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I'm going to be launching a local explanatory news site, focusing on the Atlanta area, in the early spring.  I've been setting up the web infrastructure, looking at revenue models, and the other boring housekeeping things necessary to having a good launch.

Now I'm beginning to think more carefully about the general outlines of content, and would like feedback from any of you who have opinions on local news.  I have a lengthier explanation of the questions here  but I don't care if you answer on my site or under the diary here.  I'll come back here to read answers.

I'm trying to avoid assumptions about how people read or use local news, and to directly ask as many people as possible about their preferences for subject matter.  Obviously local newspapers are not doing very well financially at the moment, and I'd like to think that it's possible to create content that is compelling enough for people to return regularly.

The questions are:

What topics do you think are not getting adequate coverage by local news media?

What is the first thing you read when you look at media which covers local news?  (for example: sports?  politics? entertainment? self-improvement articles?)

What topics would you read regularly if someone offered them on a consistent basis?

These questions are just the beginning to see if I get strong responses.  Later I'm going to put together a less informal survey.


A few weeks ago I wrote a short article entitled The moral argument for setting up an Underground Railroad for Central American Children.  I festooned it with somewhat tongue-in-cheek disclaimers that I wasn't advocating that it really be done, because anyone would be stupid to openly write about breaking laws which potentially carry stiff penalties.

Tongue-in-cheek or not, protecting refugees who are showing up on our border, whether they are fleeing danger of violence, or grinding poverty, is something that a nation as rich as we are should take for granted.  It's insane that the debate in a practical sense has become whether we deport them quickly or slowly.  It's also insane that, in order to make the point in a compelling way, we have to focus on the children alone, and not on refugees of any age from violence and poverty.

Actually setting up such a network would be a mammoth undertaking, requiring careful planning and a great deal of risk.  It would be much better to put pressure legally, within the political system.  But for reasons of electoral politics, sanctuary doesn't even seem to be on the table in the mainstream discussion.

I have no intention of taking first practical steps on this in the immediate future.  But the moral argument for bypassing the political gridlock altogether is a good one, and I think it needs to be articulated.


Dylan Byers wrote an article entitled Vox not living up to the hype, explained.  The title pretty much sums up the content.  It's been getting a lot of mostly negative attention from journalists who cover the state of the media, a number of whom have pointed out that a five month old news site which has been steadily growing in popularity (and which passed Politico this month in unique visitors) would be hard to call a failure.

I think the article is about more than, though.  I've written a more extensive critique of the article here,  but to sum it up, Byers writes a few paragraph in which unnamed journalists and editors are asserted to have stated that nothing was new about Vox.  The tone of that part of the article could be summed up as "Get off my lawn!!!!".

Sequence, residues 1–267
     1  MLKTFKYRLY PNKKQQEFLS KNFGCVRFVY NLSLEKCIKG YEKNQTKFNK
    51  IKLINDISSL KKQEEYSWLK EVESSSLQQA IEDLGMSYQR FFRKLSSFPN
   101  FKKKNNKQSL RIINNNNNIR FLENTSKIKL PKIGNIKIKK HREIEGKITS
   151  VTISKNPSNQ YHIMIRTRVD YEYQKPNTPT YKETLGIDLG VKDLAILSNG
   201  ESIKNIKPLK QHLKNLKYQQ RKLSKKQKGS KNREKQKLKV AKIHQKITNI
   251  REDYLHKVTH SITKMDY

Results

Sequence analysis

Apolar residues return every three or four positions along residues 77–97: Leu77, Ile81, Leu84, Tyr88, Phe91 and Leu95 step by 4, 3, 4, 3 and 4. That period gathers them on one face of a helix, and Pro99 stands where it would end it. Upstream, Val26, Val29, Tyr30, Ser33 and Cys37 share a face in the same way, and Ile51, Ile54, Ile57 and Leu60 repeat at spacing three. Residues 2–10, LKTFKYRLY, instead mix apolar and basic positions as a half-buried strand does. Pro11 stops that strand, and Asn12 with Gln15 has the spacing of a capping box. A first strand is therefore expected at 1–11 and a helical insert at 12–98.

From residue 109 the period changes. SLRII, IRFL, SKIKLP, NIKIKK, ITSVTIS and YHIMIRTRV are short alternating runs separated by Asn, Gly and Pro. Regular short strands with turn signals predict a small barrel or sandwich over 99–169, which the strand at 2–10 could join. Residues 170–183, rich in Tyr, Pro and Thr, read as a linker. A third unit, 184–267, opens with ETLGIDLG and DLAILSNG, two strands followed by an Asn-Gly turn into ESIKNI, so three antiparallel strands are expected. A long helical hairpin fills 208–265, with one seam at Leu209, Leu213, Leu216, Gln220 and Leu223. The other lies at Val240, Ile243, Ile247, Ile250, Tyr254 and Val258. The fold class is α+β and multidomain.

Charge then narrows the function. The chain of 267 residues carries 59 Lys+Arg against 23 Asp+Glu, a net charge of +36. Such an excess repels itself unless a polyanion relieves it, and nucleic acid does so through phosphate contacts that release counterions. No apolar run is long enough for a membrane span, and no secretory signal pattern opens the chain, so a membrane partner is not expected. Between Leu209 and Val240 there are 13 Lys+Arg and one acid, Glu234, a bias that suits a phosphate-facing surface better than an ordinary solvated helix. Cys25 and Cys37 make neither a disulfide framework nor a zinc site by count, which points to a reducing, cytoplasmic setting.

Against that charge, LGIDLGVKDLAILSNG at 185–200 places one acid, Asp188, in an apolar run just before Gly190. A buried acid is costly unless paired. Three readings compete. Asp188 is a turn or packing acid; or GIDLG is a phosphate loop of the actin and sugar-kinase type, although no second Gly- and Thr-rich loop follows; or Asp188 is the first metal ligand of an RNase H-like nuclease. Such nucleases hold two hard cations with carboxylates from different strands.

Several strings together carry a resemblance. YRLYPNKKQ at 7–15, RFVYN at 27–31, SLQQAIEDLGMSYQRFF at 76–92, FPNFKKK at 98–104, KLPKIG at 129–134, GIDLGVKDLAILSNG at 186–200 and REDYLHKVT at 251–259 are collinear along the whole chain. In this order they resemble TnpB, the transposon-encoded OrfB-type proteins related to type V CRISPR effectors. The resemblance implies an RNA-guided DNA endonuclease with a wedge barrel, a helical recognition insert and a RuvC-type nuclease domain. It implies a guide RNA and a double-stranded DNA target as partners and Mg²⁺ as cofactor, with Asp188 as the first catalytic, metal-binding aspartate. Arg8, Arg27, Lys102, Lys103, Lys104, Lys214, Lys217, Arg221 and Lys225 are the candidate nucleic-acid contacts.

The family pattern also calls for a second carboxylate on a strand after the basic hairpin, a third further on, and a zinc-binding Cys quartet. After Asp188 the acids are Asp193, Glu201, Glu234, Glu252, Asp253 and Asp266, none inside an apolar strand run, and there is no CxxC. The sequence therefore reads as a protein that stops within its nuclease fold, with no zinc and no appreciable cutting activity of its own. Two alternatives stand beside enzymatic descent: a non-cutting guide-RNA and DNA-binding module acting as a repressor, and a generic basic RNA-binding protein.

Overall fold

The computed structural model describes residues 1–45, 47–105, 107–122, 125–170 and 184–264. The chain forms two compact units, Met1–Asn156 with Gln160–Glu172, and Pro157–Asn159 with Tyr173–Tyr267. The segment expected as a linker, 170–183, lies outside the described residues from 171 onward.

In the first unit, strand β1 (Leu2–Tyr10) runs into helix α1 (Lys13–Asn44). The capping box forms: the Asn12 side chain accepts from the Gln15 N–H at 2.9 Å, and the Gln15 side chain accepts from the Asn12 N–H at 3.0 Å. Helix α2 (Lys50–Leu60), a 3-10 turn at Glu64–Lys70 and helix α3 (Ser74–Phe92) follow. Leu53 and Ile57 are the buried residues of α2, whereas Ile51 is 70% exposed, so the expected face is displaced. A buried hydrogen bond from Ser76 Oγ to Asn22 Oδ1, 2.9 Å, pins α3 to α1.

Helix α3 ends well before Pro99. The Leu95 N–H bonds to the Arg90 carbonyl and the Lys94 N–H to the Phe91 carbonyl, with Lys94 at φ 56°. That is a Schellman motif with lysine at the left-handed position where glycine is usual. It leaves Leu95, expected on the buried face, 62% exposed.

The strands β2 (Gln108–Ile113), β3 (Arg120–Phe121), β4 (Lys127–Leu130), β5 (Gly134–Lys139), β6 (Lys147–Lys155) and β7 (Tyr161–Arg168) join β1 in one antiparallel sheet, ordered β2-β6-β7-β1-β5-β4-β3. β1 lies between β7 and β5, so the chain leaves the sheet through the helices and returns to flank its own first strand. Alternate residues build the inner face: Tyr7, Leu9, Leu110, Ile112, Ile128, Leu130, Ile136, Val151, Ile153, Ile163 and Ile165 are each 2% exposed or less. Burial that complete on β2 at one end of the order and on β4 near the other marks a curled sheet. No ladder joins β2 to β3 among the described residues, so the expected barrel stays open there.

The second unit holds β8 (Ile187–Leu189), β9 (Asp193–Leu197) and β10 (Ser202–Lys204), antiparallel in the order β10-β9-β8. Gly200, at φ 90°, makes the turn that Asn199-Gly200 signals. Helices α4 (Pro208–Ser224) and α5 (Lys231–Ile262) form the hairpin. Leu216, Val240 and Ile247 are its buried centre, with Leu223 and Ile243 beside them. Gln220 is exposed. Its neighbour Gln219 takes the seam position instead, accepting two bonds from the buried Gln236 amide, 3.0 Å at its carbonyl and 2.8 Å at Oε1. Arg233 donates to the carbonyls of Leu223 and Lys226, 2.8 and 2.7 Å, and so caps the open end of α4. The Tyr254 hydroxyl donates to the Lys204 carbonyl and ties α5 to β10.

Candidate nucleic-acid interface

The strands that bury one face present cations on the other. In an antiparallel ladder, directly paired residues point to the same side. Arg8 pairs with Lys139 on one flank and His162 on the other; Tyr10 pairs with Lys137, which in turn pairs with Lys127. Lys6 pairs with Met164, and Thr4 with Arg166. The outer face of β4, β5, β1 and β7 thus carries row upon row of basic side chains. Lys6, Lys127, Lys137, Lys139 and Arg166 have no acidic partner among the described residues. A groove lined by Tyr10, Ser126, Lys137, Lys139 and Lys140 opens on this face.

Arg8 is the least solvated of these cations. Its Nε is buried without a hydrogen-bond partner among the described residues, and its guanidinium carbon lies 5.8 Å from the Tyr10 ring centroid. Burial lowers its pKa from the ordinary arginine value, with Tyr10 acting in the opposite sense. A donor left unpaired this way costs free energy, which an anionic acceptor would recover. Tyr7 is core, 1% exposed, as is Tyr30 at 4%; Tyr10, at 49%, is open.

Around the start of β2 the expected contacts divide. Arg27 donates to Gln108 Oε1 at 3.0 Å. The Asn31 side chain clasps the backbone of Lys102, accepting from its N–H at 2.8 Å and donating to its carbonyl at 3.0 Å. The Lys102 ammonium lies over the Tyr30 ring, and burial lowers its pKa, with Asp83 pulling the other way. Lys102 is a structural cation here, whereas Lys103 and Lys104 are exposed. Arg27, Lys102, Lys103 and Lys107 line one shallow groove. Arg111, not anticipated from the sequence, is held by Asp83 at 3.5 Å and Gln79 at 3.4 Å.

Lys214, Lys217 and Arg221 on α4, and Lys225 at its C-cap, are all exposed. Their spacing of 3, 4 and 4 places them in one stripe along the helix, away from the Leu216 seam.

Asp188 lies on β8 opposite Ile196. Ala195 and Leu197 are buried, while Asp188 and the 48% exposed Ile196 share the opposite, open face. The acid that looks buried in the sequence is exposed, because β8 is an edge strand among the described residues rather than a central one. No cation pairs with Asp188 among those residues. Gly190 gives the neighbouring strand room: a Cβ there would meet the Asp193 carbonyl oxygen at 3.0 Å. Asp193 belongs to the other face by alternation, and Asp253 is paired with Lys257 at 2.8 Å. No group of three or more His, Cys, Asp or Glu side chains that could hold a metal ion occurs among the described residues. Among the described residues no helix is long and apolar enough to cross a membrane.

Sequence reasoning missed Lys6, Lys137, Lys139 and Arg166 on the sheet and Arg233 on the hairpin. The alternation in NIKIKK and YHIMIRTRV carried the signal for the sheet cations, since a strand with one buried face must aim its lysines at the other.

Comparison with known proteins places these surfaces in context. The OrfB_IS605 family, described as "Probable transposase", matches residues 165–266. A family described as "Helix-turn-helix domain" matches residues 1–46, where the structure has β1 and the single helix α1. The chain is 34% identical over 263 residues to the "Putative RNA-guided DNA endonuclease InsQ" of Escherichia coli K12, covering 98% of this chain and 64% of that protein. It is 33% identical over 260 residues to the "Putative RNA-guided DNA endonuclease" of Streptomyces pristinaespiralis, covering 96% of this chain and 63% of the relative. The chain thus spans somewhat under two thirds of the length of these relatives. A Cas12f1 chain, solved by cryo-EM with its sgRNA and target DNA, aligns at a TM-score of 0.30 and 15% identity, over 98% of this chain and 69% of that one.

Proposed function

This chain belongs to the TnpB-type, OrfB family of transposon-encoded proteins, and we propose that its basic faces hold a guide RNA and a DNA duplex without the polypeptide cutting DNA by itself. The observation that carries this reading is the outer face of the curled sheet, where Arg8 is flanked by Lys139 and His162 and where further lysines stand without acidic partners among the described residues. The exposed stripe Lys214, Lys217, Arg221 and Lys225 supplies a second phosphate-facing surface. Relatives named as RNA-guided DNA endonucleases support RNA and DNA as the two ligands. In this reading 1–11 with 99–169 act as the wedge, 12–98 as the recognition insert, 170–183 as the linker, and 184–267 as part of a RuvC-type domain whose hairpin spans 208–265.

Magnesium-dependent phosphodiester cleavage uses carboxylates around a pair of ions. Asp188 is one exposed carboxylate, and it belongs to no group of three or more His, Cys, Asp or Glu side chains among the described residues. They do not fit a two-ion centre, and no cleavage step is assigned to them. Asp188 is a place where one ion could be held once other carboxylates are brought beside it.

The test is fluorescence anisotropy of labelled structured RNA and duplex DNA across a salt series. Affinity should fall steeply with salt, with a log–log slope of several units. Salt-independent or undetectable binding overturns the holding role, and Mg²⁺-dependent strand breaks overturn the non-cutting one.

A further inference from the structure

My read on the article is that it's really about the anxiety the traditional print media is feeling about the rise of the web-only news media.  Revenues are plunging in all traditional media, but newpapers and news magazines are being hit particularly hard.  There is an undercurrent of resentment that the best known writers in print media are moving toward web-only publications, and the Byers article seems to reflect that resentment.

The issue of whether the "cards" on Vox are a novel approach is a red herring.  I don't think any of the writers there have ever claimed that explanatory journalism was a new and unique invention.

But the Byers article has the phantom industry insiders constructing that straw man.


Thu Nov 07, 2013 at 04:20 AM PST

loosely moderated new subreddit

by larryfeltonj

I've set up a subreddit, Polit, largely as a result of the ham-handed banning of widely read political sites by the existing /r/politics subreddit.  I don't have any illusions that it's going to be comparable to /r/politics, and people advocating the removal of the bans there should continue to do so.  But I've started by posting articles from sources banned by /r/politics.  I'm going to be moderating as loosely as I can without being overwhelmed with net vandalism.  

I'm seeding the site with articles from the banned sites, both from the left and the right, because as a progressive I think it's important to look at interesting articles from all parts of the political spectrum.


Jason Spencer and Charles Gregory, two House Members (presumably from the towns of Wackaloon and Tinfoil, GA) have put forward legislation allowing Georgia to "nullify" federal legislation.  For those of you weak on Civil War history, nullification was a theory propounded by southern slaveholders who were resisting attempts to limit slavery's spread prior to the Civil War.

The bill is HB 352 2013-2014 Regular Session.

I hope that the potential national ridicule and comparisons to defense of slavery that would ensue if the bill were enacted into law will cause the bill to die a quick death.

As entertaining as the antics of the Georgia legislature are, I'd like to wake up one morning and not read a story about stupid and insane Georgia legislation.


This was previously posted on my blog Bluestate Georgia

The Georgia GOP, like the national GOP would really like to shake the widely held observation that they are the party of older white men.  They don't want to make changes in their attitudes toward minorities, but they'd like to present a better public relations face.  They would love to stamp out the White House watermelon patch post cards, Obama food stamp cartoons, witch doctor cartoons and t-shirts, and racist conspiracy theories which swirl around in the GOP base like an uncontrollable maelstrom.